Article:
Rwanda — one of the poorest countries in Africa with a per capita income estimated at $250 — has been in the forefront among African countries in developing and implementing alternative health financing strategies that attempt to improve equity and quality of health care for its citizens. In particular, Rwanda has played a lead role in designing and implementing district-based health insurance schemes known as mutuelles to raise revenues for health services for rural populations in a way that the population can afford. By 2006, data from Rwanda’s national information system indicated that nearly 70 percent of Rwanda’s population had enrolled in mutuelles and independent evaluations have found evidence of increased access and use of health care among beneficiaries, as well as lower levels of out of pocket spending.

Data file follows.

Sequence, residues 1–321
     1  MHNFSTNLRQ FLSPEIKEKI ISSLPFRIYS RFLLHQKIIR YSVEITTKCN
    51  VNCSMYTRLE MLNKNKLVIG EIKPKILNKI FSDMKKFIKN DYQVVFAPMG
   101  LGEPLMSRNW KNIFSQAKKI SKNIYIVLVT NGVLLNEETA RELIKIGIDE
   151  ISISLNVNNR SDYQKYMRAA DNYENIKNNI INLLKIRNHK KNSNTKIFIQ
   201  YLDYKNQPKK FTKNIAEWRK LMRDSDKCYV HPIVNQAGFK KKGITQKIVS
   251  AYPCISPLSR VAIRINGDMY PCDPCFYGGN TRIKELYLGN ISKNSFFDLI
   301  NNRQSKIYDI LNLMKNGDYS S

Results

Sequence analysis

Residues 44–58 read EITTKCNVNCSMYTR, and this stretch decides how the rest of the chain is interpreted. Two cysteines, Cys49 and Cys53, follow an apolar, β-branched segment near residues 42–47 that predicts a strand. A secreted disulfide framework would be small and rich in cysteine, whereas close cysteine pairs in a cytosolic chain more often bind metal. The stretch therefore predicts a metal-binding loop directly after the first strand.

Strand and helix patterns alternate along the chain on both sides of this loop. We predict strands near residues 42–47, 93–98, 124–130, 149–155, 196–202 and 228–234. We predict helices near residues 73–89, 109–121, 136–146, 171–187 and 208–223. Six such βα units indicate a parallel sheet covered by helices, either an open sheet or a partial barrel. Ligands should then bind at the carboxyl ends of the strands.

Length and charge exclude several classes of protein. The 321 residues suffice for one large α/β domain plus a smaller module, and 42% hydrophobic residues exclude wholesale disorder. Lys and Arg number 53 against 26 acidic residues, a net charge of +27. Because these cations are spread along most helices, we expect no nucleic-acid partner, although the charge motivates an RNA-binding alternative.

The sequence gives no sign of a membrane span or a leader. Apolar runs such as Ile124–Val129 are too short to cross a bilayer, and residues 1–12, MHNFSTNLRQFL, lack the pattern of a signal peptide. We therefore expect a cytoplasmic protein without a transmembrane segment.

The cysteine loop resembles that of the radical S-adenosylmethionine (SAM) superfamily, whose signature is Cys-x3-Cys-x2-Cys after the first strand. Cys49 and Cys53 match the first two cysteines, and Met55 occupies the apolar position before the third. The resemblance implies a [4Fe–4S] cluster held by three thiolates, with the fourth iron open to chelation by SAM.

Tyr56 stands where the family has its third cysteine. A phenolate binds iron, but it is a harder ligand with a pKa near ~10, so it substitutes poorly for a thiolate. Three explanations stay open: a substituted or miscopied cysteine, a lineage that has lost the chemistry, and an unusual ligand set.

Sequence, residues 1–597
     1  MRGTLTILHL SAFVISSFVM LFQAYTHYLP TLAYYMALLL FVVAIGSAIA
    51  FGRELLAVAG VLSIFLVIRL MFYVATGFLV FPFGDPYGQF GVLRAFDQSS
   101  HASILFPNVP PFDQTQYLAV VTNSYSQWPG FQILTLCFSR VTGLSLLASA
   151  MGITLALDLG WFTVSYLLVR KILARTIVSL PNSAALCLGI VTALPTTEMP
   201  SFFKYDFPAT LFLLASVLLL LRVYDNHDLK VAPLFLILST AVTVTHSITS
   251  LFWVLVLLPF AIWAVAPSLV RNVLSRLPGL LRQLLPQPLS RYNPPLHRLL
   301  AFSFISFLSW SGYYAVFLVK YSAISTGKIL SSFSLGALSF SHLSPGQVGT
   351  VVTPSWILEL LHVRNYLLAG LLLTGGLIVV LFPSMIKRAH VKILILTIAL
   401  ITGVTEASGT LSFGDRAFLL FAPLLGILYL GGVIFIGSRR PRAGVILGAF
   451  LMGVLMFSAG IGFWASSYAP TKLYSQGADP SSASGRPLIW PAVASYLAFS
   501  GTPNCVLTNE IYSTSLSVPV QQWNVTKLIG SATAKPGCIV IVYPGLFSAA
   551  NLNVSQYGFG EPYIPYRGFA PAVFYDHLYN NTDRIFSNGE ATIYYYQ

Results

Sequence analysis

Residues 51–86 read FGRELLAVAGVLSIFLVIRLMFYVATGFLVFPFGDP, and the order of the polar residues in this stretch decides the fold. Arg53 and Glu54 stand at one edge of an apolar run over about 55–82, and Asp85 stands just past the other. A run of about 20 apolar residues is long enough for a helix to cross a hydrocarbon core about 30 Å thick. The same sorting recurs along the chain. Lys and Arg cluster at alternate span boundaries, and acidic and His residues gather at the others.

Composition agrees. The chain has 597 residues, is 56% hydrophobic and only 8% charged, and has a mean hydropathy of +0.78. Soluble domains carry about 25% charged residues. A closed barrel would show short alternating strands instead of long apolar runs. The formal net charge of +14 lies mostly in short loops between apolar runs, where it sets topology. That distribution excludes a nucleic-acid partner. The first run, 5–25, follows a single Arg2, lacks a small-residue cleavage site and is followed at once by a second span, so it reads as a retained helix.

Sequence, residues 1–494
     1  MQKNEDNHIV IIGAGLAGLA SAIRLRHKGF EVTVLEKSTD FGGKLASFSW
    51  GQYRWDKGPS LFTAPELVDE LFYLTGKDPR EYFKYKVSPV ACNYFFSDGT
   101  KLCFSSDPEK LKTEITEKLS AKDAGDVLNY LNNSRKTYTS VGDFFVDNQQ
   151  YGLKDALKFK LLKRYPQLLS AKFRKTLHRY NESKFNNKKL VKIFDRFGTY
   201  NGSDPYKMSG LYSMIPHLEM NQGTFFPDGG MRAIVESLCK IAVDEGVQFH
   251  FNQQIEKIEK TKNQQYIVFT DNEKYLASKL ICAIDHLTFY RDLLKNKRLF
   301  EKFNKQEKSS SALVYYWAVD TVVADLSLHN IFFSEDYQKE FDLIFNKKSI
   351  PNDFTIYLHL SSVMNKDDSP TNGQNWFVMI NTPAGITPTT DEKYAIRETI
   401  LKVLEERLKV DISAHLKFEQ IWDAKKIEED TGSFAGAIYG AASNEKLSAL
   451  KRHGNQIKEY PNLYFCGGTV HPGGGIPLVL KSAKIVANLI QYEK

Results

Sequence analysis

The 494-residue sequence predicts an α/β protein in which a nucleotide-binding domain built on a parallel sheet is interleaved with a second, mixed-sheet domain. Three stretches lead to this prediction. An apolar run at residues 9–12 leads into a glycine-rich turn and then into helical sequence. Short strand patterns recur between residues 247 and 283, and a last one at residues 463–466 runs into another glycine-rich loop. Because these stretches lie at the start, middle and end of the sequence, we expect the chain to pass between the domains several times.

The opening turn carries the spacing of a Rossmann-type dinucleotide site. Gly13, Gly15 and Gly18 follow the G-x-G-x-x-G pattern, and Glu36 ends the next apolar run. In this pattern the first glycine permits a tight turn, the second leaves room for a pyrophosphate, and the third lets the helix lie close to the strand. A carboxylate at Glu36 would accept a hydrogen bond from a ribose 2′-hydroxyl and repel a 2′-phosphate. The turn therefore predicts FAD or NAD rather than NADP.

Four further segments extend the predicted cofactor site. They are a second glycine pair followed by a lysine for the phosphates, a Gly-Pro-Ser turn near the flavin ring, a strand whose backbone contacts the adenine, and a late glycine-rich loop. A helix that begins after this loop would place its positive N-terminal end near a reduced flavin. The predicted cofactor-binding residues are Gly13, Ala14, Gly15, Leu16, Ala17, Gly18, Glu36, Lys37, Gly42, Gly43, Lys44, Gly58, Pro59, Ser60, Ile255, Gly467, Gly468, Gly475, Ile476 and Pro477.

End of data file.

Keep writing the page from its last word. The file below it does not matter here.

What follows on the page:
The Global Health Financing Initiative hosted a discussion of the lessons learned in Rwanda to date with Caroline Kayonga, permanent secretary of the Ministry of Health of Republic of Rwanda. She shared experiences in scaling up community-based health insurance and reflect on challenges faced to reach universal coverage.
"DeVos' generic and woefully insufficient statement effectively sanitized the hate"
Unless we collectively correct our course as a nation, in a few decades the concept of an “American Dream” might be nothing more than a dusty, antiquated relic.